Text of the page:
For God hath not given us the spirit of fear; but of power, and of love, and of a sound mind.”—II Tim. 1:7
The great elderly apostle Paul is writing to Timothy, his son in the faith, for the last time. Like a mentor, Paul had taken Timothy into his ministry and shared a tender affection with him. Paul was rightly concerned that Timothy, who was by nature less aggressive than Paul, would be strong and would continue faithful to the ministry and the message.
Paul had laid his hands, along with others, on Timothy at his ordination. It may be that he received the filling of the Spirit at that time. In any case, there was conferred on him by the Spirit of God a special anointing for the ministry. According to verse six, the divine gift of the Spirit, which was from God and qualified him for the ministry, would need Timothy’s continual efforts to rekindle and maintain the original flame. Paul encouraged him to stir up, or fan into a flame, the gift of the Spirit that God had given to him. General Booth of the Salvation Army said, “The tendency of fire is to go out; watch the fire on the altar of your heart.” Conversely, I would add: The tendency of fire is to burn; it has only to be supplied with fuel.
Paul reminds Timothy that God has not given us the spirit of fear. According to verse eight, Timothy needed counsel to beware of any spirit of weakness and cowardice in proclaiming the message of Christ, in identifying with Paul in his persecution, and in enduring personal sufferings as a messenger of the gospel. We may have natural tendencies to weakness and timidity, but there is nothing about the Spirit of God that is weak and cowardly. We may know that any spirit of fearfulness to freely and fully engage in standing up for Christ is not of God, but is to be resisted and overcome.
Paul further reminds Timothy that the Spirit of God is characterized by power, love, and soundness of mind. Power (Gr. dunamis) is the divine enablement to boldly rise to the occasion for the honor of God. Love (Gr. agape) is the divine enablement to be rightly-affectioned toward God and all people. Sound mind (Gr. sophronismos) is the divine enablement to maintain a disciplined spirit and be self-controlled. Its effect is that we are scripturally sound, spiritually sane, morally discerning, and intellectually sensible. Dr. T. M. Anderson once said that he heard a man testify something like this: “I served the Lord a number of years before I came to realize that God has good sense.” It should be said that divine power as a manifestation of the Spirit will always manifest itself with the added elements of divine love and “good sense.”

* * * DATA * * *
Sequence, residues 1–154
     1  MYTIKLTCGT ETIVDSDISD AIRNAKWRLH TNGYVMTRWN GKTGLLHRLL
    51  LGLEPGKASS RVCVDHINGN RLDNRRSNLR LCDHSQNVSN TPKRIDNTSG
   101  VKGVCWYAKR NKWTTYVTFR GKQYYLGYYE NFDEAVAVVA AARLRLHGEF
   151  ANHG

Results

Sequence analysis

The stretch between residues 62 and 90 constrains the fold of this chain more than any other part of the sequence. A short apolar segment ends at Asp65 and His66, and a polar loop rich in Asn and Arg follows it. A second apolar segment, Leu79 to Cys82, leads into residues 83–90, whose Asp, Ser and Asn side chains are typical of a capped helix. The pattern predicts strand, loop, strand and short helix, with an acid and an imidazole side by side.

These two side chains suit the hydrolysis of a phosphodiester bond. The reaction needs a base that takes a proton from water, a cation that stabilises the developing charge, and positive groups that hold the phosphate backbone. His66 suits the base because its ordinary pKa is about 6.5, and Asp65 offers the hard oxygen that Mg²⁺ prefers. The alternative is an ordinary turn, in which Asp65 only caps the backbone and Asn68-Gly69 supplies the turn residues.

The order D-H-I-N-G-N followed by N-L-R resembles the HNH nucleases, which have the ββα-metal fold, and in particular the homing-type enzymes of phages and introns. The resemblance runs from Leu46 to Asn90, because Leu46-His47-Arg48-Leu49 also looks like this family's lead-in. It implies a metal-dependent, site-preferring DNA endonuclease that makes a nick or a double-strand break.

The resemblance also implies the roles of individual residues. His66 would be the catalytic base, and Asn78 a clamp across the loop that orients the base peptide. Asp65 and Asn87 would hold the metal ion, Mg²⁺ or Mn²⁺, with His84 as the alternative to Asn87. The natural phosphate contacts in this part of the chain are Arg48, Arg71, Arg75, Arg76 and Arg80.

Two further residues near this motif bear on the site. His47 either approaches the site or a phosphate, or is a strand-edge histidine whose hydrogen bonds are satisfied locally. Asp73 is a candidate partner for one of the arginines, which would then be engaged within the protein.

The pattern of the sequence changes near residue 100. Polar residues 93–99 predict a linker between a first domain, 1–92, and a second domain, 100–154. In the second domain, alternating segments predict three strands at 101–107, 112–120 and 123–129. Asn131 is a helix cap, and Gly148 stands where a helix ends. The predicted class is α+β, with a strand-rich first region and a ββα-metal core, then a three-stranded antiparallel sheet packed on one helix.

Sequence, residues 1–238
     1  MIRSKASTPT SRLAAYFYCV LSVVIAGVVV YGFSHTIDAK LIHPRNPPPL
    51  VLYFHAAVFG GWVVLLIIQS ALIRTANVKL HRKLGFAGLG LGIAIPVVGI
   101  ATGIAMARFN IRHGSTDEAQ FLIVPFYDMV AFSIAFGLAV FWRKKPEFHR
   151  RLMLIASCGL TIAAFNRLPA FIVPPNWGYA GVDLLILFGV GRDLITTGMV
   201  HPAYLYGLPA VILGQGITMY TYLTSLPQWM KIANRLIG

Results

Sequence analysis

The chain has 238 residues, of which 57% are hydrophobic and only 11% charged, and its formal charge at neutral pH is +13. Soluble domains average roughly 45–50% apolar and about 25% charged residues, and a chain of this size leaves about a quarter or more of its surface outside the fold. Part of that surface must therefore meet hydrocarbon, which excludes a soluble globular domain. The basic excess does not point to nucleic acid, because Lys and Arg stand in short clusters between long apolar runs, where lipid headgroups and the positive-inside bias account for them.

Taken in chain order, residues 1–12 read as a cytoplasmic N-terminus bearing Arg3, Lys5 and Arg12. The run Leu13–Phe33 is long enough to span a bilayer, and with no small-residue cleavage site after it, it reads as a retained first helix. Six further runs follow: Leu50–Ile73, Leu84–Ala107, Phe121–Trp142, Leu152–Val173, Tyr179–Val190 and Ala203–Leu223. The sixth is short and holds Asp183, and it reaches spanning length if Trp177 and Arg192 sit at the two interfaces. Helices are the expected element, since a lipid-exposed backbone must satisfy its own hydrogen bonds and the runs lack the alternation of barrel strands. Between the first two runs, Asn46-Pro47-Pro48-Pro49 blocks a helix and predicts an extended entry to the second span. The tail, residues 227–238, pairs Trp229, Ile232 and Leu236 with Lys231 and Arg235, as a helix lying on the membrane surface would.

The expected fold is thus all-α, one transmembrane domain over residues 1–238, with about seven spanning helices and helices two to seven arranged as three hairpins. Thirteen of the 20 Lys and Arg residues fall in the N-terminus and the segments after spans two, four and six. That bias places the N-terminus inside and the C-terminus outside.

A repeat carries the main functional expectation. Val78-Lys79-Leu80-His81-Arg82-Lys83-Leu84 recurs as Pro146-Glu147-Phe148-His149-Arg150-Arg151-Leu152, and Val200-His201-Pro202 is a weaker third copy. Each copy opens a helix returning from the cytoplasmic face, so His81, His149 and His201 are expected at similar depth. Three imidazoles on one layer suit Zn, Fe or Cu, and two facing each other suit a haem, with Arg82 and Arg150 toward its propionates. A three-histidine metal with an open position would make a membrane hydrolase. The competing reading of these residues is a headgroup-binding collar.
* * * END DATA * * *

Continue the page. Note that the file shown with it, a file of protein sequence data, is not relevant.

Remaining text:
We are living in difficult days. Spiritual and moral deterioration are occurring all around us. The state is increasingly secular and is imposing its godless thinking on the church. People in high places are increasingly outspoken against God, truth, and righteousness. Genuine Christians are in the minority and are marginalized and threatened with persecution. Besides these things, in our church world we are faced with a spiritual declension and a wholesale defection from the way of holy separation from the world that has always marked God’s holy people. There seems to be an insidious spirit of drift and even deception that is manifesting itself in questioning virtually everything and departing frequently from the Word and sound doctrine, from solid spiritual experience, and from a serious regard for lifestyle issues. We seem to have come once again to a day like that of the Judges in which everyone is doing “that which is right in his own eyes.”
What is the answer? The answer is what it has always been: We as God’s people must focus on and pursue a fresh outpouring, filling, and anointing of the Spirit. This is not a time for fear, but for a restoration of holy boldness. This is a time to once again give the Holy Spirit his rightful place in the church and in our lives. This is a time for a fresh enduement of the Spirit’s power, energizing and enabling us to stand firm in our own relationship with God, to stand firm on the unchanging Word of God, and to stand firm for biblical truth and holy living. Added to the Spirit’s power is the need for our living and our message to be set forth with a holy love and sanctified common sense. William Penn once said, “Truth often suffers more by the heat of its defenders, than by the argument of its opposers.” Reckless and extreme statements can undo all that we hope to accomplish and greatly harm the cause of Christ. Only a fresh outpouring of the Spirit can save us from the problems we face today.
Like Timothy, we need to keep stirring up the gift and keep fanning the flame through prayer, faith, obedience to the Spirit, reading the Word, reading inspiring materials, attending church and revival services, Christian fellowship, listening to spiritual music, etc. By doing these things we will enable the Spirit to keep on working in and through us in power, love, and wisdom in these troubling times.